All content property of Helen Davies. Copyright 2014
Despite being told that there was nothing I could do to slow the stimulation or reduce the symptoms, I spent the next few days trying to remain calm and relaxed. It was something to focus on even if it didn’t make any actual physical difference it was definitely helpful in focussing the mind.
I had a strange euphoric feeling inside. I just wanted to shout out “I’m going to have a baby”, so much so I found myself telling people, acquaintances, and clients, even complete strangers that I was going through IVF. Almost as the words came out of my mouth I couldn’t believe what I was saying. “Shut up Helen!” I’d say to myself. What on earth was I thinking? But I simply couldn’t help it. I was beyond giddy. I was so excited that in just nine months time I’d have my longed for baby and I wanted as many people as possible to help share my joy as early as possible. Most people wished me well and seemed pleased for us and I naturally took this as them sharing my joy that I would soon become a mummy again. Each time I had a conversation like that, it felt like we were already celebrating the fact that I was lucky enough to have the treatment, to have a chance of pregnancy and that I was about to have another baby. In my darker moments I realised this was utterly ridiculous and I was obviously getting carried away. This frenzy was frightening but it was something I struggled to curtail.
This was it! It was like we’d been rehearsing for ages and the main event was going to start this week. We really were on the first rung of that very exciting ladder and despite the worry and pain; I was so very excited and couldn’t wait to get cracking.
On the other hand, I was also terrified, which was equally as strange a feeling to be having. This was it indeed. A game changer. Life as we knew it was effectively ending and there was no turning back. It was no longer going to be the three of us. Work would never be the same, home life would change and the prospect of my whole life and future taking a different path in just a matter of days was really daunting.
Work was a great distraction and I worked harder than ever to try to clear down my projects, hand over to my colleagues and try to cause as little disruption to the business as possible during my week off.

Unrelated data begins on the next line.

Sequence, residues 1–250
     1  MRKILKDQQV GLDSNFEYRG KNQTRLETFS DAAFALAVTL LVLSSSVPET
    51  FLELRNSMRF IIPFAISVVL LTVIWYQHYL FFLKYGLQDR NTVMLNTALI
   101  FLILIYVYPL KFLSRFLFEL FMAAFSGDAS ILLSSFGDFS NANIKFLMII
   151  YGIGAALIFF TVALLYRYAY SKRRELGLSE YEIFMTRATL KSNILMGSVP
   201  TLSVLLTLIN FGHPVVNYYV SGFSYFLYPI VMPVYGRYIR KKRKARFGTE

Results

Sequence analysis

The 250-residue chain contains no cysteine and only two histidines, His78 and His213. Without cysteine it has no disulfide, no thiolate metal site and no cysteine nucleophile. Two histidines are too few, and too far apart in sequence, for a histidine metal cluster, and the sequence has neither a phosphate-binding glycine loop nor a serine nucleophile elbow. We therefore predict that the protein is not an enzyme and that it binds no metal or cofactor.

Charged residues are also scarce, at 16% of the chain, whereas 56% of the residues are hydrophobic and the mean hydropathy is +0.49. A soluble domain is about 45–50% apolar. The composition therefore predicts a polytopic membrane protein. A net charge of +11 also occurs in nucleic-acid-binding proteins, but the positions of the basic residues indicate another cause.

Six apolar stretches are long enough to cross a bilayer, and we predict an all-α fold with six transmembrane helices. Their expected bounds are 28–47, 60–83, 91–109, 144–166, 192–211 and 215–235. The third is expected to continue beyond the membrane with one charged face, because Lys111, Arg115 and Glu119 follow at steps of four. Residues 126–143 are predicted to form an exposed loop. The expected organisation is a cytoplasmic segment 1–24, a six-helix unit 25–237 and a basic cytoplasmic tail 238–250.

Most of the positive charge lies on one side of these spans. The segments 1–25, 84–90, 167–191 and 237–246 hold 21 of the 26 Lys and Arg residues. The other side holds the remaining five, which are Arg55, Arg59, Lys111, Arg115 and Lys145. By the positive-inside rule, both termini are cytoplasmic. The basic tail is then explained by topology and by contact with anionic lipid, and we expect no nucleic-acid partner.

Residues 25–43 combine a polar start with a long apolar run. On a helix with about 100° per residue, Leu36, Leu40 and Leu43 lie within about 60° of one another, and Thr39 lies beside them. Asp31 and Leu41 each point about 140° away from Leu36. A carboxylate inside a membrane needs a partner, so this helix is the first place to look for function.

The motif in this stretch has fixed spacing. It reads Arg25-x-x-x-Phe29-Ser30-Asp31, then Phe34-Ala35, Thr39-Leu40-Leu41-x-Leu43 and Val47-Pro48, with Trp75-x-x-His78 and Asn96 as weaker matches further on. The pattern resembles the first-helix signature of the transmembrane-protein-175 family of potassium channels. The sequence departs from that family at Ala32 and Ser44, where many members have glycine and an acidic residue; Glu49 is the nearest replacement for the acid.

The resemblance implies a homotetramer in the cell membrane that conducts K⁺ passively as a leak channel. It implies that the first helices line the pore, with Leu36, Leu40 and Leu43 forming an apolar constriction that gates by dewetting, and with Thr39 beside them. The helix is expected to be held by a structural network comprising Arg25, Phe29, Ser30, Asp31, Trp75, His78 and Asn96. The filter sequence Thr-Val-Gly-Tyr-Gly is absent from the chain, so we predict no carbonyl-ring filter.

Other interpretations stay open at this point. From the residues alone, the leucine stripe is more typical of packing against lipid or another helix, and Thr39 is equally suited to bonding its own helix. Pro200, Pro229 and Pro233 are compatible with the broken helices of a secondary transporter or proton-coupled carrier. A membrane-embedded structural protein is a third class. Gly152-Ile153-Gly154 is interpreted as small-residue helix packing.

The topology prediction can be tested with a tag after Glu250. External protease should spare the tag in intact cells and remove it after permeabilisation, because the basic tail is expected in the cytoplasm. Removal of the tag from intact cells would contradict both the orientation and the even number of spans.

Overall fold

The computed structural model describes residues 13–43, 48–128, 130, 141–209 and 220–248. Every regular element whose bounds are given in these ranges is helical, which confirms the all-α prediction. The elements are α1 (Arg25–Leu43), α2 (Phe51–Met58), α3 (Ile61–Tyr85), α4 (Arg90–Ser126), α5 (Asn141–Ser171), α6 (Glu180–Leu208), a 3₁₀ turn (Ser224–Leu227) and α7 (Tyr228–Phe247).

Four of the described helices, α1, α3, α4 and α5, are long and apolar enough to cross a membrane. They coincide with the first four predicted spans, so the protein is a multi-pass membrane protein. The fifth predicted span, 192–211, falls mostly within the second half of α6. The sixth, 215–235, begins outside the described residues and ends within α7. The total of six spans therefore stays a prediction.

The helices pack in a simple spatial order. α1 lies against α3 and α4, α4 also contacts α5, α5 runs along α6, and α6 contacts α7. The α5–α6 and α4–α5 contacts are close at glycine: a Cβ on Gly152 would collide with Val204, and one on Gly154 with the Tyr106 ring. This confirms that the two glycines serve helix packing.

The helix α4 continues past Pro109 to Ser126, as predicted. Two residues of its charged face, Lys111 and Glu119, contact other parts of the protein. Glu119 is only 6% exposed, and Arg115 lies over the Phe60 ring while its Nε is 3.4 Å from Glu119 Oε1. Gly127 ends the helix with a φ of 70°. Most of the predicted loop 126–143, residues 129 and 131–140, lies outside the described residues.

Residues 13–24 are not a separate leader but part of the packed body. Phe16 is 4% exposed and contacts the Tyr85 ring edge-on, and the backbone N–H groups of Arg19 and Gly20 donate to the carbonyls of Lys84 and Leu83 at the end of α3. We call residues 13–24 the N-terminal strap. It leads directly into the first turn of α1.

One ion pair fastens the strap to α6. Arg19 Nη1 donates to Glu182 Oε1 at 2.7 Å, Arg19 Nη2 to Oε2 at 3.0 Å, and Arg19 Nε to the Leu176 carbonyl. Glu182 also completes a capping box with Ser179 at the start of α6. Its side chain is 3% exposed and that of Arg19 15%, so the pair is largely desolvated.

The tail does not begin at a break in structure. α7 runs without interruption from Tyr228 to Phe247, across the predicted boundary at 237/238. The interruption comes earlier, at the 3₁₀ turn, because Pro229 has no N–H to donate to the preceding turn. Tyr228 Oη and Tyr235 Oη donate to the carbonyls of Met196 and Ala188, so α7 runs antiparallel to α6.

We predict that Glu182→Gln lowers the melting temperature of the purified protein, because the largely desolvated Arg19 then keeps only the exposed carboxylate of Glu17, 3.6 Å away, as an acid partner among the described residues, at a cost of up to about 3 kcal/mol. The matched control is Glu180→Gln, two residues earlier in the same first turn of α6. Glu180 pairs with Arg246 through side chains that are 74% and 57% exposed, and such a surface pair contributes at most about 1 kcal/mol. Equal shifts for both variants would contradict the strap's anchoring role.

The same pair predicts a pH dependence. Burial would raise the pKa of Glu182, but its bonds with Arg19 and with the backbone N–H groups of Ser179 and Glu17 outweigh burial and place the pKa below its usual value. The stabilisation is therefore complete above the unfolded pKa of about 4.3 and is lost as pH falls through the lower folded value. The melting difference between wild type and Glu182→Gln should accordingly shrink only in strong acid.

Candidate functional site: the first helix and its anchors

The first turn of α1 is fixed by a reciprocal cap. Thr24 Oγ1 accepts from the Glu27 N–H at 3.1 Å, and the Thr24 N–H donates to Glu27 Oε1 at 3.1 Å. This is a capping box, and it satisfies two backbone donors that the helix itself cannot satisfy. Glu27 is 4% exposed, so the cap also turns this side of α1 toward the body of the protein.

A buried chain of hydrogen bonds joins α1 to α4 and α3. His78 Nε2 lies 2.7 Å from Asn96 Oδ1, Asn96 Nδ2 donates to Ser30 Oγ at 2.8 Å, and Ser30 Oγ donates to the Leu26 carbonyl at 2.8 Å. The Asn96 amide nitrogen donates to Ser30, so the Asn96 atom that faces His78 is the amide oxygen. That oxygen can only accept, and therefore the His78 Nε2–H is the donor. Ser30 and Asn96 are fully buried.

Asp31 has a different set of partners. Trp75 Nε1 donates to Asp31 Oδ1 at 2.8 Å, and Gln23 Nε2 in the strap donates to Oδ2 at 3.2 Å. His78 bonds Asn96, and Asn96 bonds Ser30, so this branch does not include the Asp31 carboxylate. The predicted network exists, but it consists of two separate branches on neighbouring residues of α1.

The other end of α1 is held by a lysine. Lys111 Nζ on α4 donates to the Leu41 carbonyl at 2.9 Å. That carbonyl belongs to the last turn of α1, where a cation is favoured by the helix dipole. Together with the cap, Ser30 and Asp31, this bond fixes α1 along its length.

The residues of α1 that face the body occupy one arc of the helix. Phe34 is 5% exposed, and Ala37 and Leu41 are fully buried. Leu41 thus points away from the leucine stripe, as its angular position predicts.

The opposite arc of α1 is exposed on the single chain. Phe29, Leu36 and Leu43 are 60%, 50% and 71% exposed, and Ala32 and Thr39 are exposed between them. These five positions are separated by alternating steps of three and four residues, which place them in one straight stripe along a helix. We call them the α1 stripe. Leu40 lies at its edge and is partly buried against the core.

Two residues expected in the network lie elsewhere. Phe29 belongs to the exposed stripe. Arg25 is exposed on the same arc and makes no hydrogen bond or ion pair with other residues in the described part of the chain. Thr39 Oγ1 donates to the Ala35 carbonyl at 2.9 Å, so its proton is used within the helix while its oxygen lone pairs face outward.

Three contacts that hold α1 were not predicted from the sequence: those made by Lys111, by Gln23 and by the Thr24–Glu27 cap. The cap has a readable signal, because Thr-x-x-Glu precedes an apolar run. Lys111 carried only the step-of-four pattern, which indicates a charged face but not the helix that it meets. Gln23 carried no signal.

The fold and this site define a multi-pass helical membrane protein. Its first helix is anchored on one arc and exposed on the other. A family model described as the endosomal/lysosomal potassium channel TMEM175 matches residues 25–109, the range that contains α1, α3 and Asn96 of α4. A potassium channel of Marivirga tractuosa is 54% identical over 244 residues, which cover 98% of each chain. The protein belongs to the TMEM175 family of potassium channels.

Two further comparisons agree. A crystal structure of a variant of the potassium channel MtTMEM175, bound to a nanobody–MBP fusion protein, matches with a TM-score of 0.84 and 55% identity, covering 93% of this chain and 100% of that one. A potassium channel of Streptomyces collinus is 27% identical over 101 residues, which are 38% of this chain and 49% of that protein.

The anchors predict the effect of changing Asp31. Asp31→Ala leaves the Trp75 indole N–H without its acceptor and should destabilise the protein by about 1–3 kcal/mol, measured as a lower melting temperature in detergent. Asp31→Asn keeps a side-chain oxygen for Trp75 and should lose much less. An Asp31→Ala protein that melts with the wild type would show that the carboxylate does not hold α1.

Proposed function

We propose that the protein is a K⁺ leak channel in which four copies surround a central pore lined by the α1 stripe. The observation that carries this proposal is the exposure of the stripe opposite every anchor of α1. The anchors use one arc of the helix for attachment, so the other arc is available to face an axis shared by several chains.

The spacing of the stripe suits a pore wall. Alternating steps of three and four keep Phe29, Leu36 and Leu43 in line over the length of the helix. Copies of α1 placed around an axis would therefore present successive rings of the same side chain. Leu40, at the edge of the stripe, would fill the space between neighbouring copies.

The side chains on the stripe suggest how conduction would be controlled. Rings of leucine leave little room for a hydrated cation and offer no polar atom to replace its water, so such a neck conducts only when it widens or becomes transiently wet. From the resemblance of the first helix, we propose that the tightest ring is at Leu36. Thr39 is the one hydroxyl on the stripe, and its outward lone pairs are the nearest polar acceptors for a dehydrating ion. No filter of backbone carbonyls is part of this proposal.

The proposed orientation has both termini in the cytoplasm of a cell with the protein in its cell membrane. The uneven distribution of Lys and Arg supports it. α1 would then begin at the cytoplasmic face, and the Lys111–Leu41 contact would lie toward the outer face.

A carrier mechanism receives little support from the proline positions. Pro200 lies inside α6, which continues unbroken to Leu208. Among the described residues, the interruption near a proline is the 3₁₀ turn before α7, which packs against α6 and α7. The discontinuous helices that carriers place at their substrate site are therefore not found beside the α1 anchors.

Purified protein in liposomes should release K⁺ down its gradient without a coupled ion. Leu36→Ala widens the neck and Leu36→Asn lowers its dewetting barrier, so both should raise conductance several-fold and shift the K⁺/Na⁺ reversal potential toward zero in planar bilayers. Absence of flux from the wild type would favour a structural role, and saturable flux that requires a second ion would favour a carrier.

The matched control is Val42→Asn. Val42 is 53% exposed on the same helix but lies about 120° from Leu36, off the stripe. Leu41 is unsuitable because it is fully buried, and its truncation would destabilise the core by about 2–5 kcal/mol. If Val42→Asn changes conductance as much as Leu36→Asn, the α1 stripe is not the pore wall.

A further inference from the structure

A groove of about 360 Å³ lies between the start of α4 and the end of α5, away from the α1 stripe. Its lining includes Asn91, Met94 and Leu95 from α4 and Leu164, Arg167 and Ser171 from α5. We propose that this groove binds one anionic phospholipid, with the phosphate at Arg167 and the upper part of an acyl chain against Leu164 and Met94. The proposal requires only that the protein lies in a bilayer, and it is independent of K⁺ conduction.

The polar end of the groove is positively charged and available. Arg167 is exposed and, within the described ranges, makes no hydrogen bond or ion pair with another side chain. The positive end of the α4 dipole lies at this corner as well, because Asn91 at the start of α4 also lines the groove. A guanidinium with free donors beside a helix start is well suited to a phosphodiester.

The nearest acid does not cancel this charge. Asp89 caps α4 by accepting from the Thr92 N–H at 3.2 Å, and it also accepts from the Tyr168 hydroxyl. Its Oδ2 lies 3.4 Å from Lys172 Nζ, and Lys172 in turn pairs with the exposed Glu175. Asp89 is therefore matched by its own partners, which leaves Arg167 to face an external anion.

I was nervous revisiting the clinic on Wednesday and had no idea what to expect from the next scan. I was still struggling with the pain and discomfort in my tummy and was still battling in my mind with wanting to progress but knowing in reality that the cost could be my health or even my life, and that of course wasn’t worth the risk. By now I was feeling really poorly. As well as having extreme nausea and a severely extended stomach that ached constantly, my sore throat had also really kicked in and developed into a streaming cold. I was terrified Denise would take one look at me and deny me the transfer but I was perhaps more terrified that I could convince her otherwise by putting on a brave face when in fact I should have been honest and stopped the treatment.
As it was, the scan showed that the levels had come down and the coasting had worked so it was go go go for Friday. We could proceed.
I have never punched the air, in my life. I thought it was something only Tom Cruise did in movies but as I walked out of the main entrance I found myself doing just that! I actually drew my arm back and with terrific force, thrust it in the air! What must I have looked like? “YES!” I could literally have burst. The potential that after all the build up, the cautiousness about the treatment itself, the drugs, the cost and then the over stimulation, we could then have been prevented from actually proceeding with the treatment had been a huge shock to us. Feeling so poorly and so low it was extremely hard to be positive, especially with the knowledge that there was little I could do to change the situation. To know now for certain that we were going to go ahead felt utterly exhilarating. I was ecstatic!
Thursday was really, really busy at work as I was trying to hand over my projects to the team and wrap up outstanding actions. Saying good night to the team felt strange. It wasn’t as if they knew what I was doing or where I was going as they had all believed I was just taking time out to spend with the family. Dom gave me a squeeze but said little and that was really helpful and sweet in a way.
It was raining so I said I’d give Emma a lift home and on the way we saw a good friend of ours, a barrister, who lived near to Emma, so I stopped to pick him up too. He looked smart in his suit and raincoat but was obviously getting drenched in the heavy rain. As I pulled up he ran to the back door of my jeep which was nearest too him and hurriedly tried to scramble into the back seat as another car pulled up right behind us. The rain was pelting down so hard and he was rushing so much to avoid delaying the growing traffic jam behind us, he couldn’t hear me shouting “other side!” as I tried to tell him Zac’s car seat was in his way.
Instead of stopping, getting out and running round the other side, the chaos caused him to keep pushing himself, and his brie,fcase into the back seat, over Zac’s car seat. To this day, that sight still makes me crack up laughing and that night in the car I nearly wet myself in hysterics! He is one of the most prominent professionals in the region, and there he was trying to stuff himself and a briefcase into the back seat of my car, through the tiny space left above a child’s car seat! All three of us howled and cried with laughter as we kept reliving the story over and over again.
Knowing what was happening the following day, and no doubt to hide his embarrassment, our friend quickly left Emma and I in the car as I dropped him off outside his house and I continued to laugh uncontrollably. It was a strange release of a pent up tension that had been building all day and I literally could not stop laughing. After several minutes and having wiped countless tears from my eyes I then realised that I was now actually weeping, crying, sobbing in fact.